151.5.8 CLOSE_CURSOR

When you no longer need a cursor for a session, close the cursor by calling the CLOSE_CURSOR Procedure. If you are using an Oracle Open Gateway, then you may need to close cursors at other times as well. Consult your Oracle Open Gateway documentation for additional information.

Related Topics

151.6 DBMS_SQL Exceptions

This exception is raised by the COLUMN_VALUE Procedure or the VARIABLE_VALUE Procedures when the type of the given OUT parameter (for where to put the requested value) is different from the type of the value.

inconsistent_type EXCEPTION;
  pragma exception_init(inconsistent_type, -6562);

151.7 DBMS_SQL Examples

These example procedures use the DBMS_SQL package.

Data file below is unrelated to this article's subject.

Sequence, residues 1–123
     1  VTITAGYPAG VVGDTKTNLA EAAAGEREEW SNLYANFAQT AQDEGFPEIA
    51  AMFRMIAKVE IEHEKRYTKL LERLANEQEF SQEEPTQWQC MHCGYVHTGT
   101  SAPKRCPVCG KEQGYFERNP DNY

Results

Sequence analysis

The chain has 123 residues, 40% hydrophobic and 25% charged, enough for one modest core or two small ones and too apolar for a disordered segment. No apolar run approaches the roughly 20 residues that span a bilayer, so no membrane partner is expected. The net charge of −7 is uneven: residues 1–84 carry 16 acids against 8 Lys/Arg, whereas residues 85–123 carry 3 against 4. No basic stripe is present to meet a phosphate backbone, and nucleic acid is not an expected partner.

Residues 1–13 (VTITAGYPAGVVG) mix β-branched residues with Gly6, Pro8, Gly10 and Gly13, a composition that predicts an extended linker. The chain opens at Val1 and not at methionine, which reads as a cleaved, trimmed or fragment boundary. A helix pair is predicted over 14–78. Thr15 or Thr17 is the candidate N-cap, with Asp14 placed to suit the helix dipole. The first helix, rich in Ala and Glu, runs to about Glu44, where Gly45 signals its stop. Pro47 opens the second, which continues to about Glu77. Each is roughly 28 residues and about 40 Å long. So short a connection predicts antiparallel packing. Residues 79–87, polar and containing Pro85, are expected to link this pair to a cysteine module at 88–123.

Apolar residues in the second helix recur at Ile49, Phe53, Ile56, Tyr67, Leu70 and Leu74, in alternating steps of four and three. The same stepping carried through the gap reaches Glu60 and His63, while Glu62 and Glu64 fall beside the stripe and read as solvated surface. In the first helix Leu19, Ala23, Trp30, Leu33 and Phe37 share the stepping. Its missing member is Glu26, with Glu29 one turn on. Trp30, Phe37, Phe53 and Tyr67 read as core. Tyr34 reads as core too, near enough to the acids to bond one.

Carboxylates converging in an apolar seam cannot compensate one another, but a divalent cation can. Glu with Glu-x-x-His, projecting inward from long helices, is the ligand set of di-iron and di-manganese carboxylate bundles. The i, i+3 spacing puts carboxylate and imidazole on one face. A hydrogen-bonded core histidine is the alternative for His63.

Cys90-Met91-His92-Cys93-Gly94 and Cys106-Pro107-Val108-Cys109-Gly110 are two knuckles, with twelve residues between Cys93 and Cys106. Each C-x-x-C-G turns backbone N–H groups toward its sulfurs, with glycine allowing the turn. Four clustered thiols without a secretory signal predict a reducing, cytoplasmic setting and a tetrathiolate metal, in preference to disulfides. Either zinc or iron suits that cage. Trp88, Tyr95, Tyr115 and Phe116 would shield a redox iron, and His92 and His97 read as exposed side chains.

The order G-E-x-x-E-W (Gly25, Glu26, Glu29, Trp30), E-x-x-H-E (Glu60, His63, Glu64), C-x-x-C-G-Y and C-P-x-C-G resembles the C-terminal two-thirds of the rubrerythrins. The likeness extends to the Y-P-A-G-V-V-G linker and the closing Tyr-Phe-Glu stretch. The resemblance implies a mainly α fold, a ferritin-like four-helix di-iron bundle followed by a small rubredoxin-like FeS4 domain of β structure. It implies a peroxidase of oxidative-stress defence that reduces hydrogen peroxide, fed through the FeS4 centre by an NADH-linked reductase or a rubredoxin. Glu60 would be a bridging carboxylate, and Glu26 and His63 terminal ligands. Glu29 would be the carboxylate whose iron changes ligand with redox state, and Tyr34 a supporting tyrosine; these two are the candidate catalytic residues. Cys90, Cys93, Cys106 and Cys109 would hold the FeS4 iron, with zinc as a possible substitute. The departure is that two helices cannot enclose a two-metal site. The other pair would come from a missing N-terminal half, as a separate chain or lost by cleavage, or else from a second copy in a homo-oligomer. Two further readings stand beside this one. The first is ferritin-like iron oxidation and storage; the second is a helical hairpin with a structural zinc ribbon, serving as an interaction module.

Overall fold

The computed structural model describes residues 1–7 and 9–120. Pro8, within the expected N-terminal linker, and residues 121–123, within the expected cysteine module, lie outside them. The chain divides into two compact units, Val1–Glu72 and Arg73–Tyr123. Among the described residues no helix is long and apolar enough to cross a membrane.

Example : Using DBMS_SQL Demo

This example does not need dynamic SQL because the text of the statement is known at compile time, but it illustrates the basic concept underlying the package.

The DEMO procedure deletes all of the employees from the EMP table whose salaries are greater than the salary that you specify when you run DEMO.

CREATE OR REPLACE PROCEDURE demo(salary IN NUMBER) AS
    cursor_name INTEGER;
    rows_processed INTEGER;
BEGIN
    cursor_name := dbms_sql.open_cursor;
    DBMS_SQL.PARSE(cursor_name, 'DELETE FROM emp WHERE sal > :x',
                   DBMS_SQL.NATIVE);
    DBMS_SQL.BIND_VARIABLE(cursor_name, ':x', salary);
    rows_processed := DBMS_SQL.EXECUTE(cursor_name);
    DBMS_SQL.CLOSE_CURSOR(cursor_name);
EXCEPTION
WHEN OTHERS THEN
    DBMS_SQL.CLOSE_CURSOR(cursor_name);
END;

Example 2

The following sample procedure is passed a SQL statement, which it then parses and runs:

CREATE OR REPLACE PROCEDURE exec(STRING IN varchar2) AS